Chimes at Midnight: DVD Review
Chimes at Midnight is at long last available in a quality video format, albeit with a few caveats. Firstly, for those of us in North America and other NTSC areas, the disc is from Spain, and thus in PAL video. Which means that you either need a DVD player that will convert the signal for you or a computer DVD player, which simply ignores the video formatting. Second, since the disc is from Spain, you'll have to track down a source for it outside normal DVD channels; of late, copies have become plentiful on eBay, but dealing there is always with its risks; otherwise, a US importer of foreign discs or a Spanish etailer is the way to go. Lastly, the film runs only 112 minutes or so, when the given run time is listed at 119 (sometimes 115) minutes. Part of this is due to runtimes being shortened by four percent because of PAL speedup, but there is at least one very brief cut in this version.
The package that the DVD comes in is quite slick, similar to the Citizen Kane DVD from France, which came in a larger box which opened to hold the case. Here, you get the foldout box and a newspaper-like supplement which includes a number of articles on Welles and the film, all in Spanish. See the photo below to see what these look like. UPDATE 8/03: It appears that this packaging might have been a limited edition of sorts; many copies I have seen on eBay do not include the box and "newsletter," only the normal DVD case.
On to the disc itself. Video quality is quite good, considering the low-budget, low-tech conditions the film was made under. The picture is a little softer than one would like, but it still looks decent throughout. And given the previous alternative (fuzzy VHS copies), this will do fine. It is letterboxed, but apparently is not anamorphic, for those with widescreen televisions. Audio is fine, and the box states that the sound for both the English and Spanish dub track is in Dolby 2.0 stereo, which would require some re-mixing, I think, and as with the Othello refurbishing, I don't know if this involved any fiddling with Welles' original soundtrack, but it doesn't sound like it. As I mentioned, there is a Spanish dub, but after listening to it for a moment or two, I switched back to the English, because, let's face it, this Welles and Shakespeare, and why would I want to hear them both in a different language? Subtitles in English and Spanish are provided also.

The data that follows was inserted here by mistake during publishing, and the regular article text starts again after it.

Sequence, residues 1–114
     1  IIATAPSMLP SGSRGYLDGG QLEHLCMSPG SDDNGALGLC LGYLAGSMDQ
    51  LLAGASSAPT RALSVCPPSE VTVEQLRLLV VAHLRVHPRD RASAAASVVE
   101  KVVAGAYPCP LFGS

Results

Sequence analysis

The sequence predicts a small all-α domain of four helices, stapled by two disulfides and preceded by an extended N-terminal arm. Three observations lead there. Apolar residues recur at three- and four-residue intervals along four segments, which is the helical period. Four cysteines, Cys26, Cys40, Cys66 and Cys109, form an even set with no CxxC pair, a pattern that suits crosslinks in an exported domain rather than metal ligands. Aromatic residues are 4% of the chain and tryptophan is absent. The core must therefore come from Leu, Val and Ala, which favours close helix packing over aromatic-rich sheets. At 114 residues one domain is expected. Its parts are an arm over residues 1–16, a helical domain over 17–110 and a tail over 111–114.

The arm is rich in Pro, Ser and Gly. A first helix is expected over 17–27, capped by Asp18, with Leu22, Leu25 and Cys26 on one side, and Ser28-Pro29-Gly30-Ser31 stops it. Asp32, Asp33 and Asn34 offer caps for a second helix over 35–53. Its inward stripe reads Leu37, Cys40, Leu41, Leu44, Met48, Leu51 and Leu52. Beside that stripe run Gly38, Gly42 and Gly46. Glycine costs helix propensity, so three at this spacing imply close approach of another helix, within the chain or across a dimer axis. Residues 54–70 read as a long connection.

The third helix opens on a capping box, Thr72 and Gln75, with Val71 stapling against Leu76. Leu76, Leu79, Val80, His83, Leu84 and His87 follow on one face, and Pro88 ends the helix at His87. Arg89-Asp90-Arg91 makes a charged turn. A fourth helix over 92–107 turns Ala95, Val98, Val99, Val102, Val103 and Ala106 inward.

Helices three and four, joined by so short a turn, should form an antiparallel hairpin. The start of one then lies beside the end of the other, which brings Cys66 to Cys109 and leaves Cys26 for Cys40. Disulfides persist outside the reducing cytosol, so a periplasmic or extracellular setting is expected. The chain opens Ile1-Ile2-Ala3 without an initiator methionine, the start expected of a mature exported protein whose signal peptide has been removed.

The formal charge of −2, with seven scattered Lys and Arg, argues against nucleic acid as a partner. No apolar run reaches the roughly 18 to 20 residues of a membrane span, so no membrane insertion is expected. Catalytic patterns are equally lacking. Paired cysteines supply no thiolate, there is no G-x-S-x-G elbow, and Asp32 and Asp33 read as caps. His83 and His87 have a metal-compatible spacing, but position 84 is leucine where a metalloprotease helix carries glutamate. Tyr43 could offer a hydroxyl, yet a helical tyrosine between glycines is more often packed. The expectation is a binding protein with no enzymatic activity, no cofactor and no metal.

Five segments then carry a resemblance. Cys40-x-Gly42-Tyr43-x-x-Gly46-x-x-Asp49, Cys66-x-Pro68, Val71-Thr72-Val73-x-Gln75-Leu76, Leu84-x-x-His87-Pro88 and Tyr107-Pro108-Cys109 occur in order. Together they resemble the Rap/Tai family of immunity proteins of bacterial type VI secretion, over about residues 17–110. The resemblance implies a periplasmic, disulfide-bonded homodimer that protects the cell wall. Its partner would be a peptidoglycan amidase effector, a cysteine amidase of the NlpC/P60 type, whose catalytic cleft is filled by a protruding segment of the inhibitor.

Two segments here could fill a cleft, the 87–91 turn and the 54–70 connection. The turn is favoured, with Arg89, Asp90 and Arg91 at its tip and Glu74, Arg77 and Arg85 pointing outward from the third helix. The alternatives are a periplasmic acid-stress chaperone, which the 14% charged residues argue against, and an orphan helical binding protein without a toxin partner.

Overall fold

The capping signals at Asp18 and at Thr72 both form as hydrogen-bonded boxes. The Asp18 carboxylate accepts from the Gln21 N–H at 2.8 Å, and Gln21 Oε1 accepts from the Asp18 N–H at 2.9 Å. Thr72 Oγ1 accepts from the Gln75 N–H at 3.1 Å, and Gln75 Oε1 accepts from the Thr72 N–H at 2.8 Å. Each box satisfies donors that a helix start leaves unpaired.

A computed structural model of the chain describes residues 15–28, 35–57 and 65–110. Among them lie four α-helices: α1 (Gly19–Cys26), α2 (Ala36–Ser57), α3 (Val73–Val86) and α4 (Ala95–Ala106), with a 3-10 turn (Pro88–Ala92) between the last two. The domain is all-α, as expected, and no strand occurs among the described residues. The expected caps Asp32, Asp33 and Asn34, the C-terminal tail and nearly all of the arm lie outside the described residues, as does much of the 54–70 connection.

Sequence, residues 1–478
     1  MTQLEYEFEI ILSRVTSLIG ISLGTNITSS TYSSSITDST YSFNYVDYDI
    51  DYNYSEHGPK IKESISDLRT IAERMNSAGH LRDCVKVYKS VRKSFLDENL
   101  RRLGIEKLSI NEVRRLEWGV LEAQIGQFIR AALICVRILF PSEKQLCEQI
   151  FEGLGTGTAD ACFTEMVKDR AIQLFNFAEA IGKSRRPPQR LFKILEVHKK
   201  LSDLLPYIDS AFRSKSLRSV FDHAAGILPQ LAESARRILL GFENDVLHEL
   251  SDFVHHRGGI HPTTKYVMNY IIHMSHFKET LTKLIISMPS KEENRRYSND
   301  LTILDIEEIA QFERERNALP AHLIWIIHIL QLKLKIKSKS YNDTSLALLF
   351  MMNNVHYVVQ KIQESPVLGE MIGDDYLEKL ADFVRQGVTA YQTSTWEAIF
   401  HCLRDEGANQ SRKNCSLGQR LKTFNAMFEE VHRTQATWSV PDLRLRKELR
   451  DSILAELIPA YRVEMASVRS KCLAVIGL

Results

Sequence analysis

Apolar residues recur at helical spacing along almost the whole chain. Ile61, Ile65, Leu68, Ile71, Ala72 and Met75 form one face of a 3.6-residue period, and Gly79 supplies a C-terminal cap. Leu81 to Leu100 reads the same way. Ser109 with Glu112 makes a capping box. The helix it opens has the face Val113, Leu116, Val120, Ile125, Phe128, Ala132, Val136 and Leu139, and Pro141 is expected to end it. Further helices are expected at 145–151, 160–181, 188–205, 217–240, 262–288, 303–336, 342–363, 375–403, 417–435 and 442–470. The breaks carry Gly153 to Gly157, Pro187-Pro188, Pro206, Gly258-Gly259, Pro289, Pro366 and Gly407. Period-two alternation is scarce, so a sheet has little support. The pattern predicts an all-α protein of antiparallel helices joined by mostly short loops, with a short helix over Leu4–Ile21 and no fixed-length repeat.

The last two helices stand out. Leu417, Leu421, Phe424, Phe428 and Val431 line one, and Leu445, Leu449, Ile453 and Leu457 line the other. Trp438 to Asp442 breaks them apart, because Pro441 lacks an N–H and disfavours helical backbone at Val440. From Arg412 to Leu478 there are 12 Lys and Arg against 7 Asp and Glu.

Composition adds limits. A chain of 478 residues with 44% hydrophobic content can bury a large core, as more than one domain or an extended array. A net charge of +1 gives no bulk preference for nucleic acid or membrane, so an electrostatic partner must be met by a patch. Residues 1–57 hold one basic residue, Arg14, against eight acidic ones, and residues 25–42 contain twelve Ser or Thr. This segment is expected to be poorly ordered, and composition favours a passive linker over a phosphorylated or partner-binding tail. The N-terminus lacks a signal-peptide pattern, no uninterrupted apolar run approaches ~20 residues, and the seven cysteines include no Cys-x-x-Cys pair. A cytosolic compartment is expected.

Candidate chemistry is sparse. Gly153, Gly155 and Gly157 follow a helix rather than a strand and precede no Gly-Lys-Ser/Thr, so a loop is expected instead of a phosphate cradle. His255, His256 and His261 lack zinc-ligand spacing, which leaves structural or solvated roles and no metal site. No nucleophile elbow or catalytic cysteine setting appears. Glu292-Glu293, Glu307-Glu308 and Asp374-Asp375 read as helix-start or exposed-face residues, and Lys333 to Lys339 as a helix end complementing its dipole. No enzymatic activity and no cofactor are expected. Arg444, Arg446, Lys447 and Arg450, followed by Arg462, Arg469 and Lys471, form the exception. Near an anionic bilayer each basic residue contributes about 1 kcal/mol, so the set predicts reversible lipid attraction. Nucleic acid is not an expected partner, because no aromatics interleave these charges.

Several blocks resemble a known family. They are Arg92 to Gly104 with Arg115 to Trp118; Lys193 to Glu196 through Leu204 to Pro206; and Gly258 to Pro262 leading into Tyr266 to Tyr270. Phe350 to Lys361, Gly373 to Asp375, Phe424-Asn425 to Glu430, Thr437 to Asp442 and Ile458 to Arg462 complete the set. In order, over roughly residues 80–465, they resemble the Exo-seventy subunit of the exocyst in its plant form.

In regards to extras, there are the usual filmographies (Welles and Gielgud here), and interviews with famed trash director Jesus Franco (second unit director on Chimes, who looks pretty awful-where are his teeth?), Juan Cobos, Tony Fuentes (both assistant directors), Edmon Richard (director of photography), and Emma Penella (assistant to the producer). None of these are subtitled in English. Next, there is a brief series of stills from the set, including the Spanish poster for the film. Pages for the cast and crew are included, and trailers for other DVDs from Suevia round out the features.
As to the missing footage, I compared the film to the script presented in Bridget Gellert Lyons' book about the film, and found only one line of dialogue and its respective shot missing according to that script. The line in question (it comes during the scene in which Falstaff is selecting men brought to him by Shallow) is not a omission that ruins the film by any means, but since some people are completists, myself included, it deserves to be mentioned. It does only amount to a couple or so seconds. If anyone has an indication as to any other missing footage, please let me know, so I can update this accordingly.
Considering the lack of quality video presentations that Chimes at Midnight has had, this is certainly a good start. According to reports I've seen on the web, a quality 35mm print does exist, so a quality video presentatio in the film should be possible. Until then, Suevia Films has given us a version that will do just fine.
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